Introduction Knowledge regarding tremor prevalence and phenomenology in patients with adult-onset primary dystonia is limited. Dystonic tremor is presumably under-reported, and we aimed to assess the prevalence and the clinical correlates of tremor in patients with adult-onset primary dystonia.
Methods We enrolled 473 consecutive patients with different types of adult-onset primary dystonia. They were assessed for presence of head tremor and arm tremor (rest, postural and kinetic).
Results A total of 262 patients (55.4%) were tremulous: 196 patients presented head tremor, 140 patients presented arm tremor and 98 of them had a combination of head and arm tremor. Of the 140 patients with arm tremor, all presented postural tremor, 103 patients (73.6%) presented also a kinetic component, whereas 57 patients (40.7%) had rest tremor. Rest tremor was unilateral/asymmetric in up to 92.9% of them. Patients with segmental and multifocal dystonia were more likely tremulous than patients with focal dystonia. Dystonic symptoms involving the neck were more frequently observed in patients with head tremor, whereas dystonic symptoms involving the arms were more frequently observed in patients with arm tremor.
Discussion Here we show that tremor is a common feature of patients with adult-onset primary dystonia. It may involve different body segments, with the head being the most commonly affected site. Arm tremor is also frequent (postural>kinetic>rest), occurring in up to one-third of cases. There is a suggestion of a stronger tendency for spread of dystonic features in patients with associated tremor. Dystonic tremor is under-reported and this underscores the importance of careful clinical examination when assessing tremulous patients without overt dystonia.
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Rest tremor is defined by tremor that occurs in a body part which is completely supported against gravity. It is mostly found in Parkinson's disease (PD) but can be less frequently seen in other conditions, such as essential tremor (ET) and dystonia.1 Although there is a consensus stating that tremor and dystonia can be associated,1 little is known regarding tremor prevalence and phenomenology in patients with adult onset primary dystonia (AOPD) and only one study has focused on its characteristics in a large cohort of patients with AOPD so far.2 The authors found that tremor is a relatively common feature, being postural or postural/kinetic in nature and occurring in about 17% of patients with AOPD. Interestingly, none of their patients had rest tremor, thus suggesting that it is an almost non-existent phenomenon in AOPD. However, this is not our experience.3–5 We have indeed identified rest tremor in a number of our patients with cervical and other forms of adult onset dystonia,3–5 but literature on dystonic tremor is still poor.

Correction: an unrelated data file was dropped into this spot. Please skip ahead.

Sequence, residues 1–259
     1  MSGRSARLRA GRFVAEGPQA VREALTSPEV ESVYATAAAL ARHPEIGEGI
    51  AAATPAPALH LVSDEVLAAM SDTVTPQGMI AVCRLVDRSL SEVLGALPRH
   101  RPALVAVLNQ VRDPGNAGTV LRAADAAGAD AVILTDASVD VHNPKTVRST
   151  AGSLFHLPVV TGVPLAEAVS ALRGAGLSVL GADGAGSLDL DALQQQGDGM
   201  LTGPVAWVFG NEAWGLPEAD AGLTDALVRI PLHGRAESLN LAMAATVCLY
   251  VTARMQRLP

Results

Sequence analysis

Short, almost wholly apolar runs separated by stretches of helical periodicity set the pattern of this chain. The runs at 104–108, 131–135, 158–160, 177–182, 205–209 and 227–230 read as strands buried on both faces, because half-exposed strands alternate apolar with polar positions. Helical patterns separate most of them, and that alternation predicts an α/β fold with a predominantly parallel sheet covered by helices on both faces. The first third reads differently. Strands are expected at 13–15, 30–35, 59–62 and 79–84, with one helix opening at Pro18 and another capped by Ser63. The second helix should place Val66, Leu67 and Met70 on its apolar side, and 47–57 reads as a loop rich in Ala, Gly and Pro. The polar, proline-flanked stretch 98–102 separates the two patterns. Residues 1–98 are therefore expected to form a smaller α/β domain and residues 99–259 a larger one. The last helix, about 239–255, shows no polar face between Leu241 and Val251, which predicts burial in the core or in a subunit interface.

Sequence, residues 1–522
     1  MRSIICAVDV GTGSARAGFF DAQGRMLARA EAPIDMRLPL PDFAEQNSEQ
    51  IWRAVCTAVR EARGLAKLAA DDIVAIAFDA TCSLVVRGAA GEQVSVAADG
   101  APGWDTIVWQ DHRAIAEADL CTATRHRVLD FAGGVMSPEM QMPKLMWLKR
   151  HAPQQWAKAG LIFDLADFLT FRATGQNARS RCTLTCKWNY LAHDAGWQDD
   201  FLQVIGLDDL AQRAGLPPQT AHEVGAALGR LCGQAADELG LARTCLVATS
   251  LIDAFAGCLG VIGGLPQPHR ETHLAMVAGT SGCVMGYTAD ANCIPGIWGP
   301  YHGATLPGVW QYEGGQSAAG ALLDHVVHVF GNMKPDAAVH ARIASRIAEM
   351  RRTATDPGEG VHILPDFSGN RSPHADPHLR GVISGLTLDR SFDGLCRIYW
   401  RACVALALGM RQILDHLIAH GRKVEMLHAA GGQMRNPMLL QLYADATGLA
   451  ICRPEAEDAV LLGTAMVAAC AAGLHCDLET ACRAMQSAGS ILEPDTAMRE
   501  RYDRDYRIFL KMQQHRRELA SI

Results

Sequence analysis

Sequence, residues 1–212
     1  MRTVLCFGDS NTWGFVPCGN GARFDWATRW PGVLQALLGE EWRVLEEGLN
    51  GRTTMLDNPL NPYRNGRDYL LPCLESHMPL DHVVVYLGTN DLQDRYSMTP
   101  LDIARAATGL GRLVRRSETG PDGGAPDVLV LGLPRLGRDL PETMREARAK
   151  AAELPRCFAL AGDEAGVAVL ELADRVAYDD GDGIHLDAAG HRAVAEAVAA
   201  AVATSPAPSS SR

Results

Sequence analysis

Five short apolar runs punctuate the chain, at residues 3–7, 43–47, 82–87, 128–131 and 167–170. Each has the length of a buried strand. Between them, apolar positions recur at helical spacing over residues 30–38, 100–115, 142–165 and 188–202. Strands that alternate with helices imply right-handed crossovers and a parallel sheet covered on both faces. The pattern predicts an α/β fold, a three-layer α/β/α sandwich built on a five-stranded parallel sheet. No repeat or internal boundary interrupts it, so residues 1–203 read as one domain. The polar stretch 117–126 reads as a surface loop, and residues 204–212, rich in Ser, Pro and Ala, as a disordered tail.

The present study was therefore designed to assess prevalence and clinical correlates of rest and other types of tremor in a large cohort of patients with AOPD.
Patients and methods
We prospectively assessed consecutive patients with a diagnosis of AOPD attending the botulinum toxin clinic at the National Hospital for Neurology and Neurosurgery, London, UK, between April 2010 and December 2012. Part of this cohort (approximately 55%) has been already been described.6 This study is selectively based on the clinical information and investigations carried out as part of the routine clinical care of the patients. It has been therefore structured as a clinical audit and, as such, our institution does not require ethics committee approval. All patients had a clinical diagnosis of primary dystonia according to current criteria.7 Patients with secondary dystonia were not included. For the current audit, we included patients, who have been assessed by one of the authors at least 3 months after their last set of injections. Patients have been classified as having focal dystonia (cervical dystonia, cranial dystonia, or writer's cramp); segmental dystonia (cranio-cervical dystonia or neck/arm dystonia), and multifocal dystonia (arm dystonia plus cranial involvement).7 None of them had lower-limb involvement. The assessment of tremor included observation of head tremor (seated upright, with the head in neutral position and while turning the head to either side), and arm tremor (rest tremor-arms relaxed in the lap; postural tremor-arms outstretched in pronation and supination; flexed postural tremor-shoulders abducted and elbows flexed, placing both hands, palms down, in front of the chest; kinetic tremor-performing the finger-to-nose manoeuver, writing a standardised sentence and drawing a spiral). Each condition lasted approximately 15 s. If tremor was present for at least 50% of each condition, patients were classified as tremulous, accordingly. Following current recommendations,1 tremor was defined as a rhythmic/semirhythmic involuntary oscillatory movement of a body part. Irregular amplitudes and superimposed jerks, recognised as characteristic of dystonic tremor,1 were accepted, but patients with isolated head jerks, were not classified as tremulous.
Statistical analyses were performed with the STATA software, V.11.0 (StataCorp LP, USA), using t test, χ2 test, or analysis of variance as appropriate, and deeming p values of less than 0.05 statistically significant.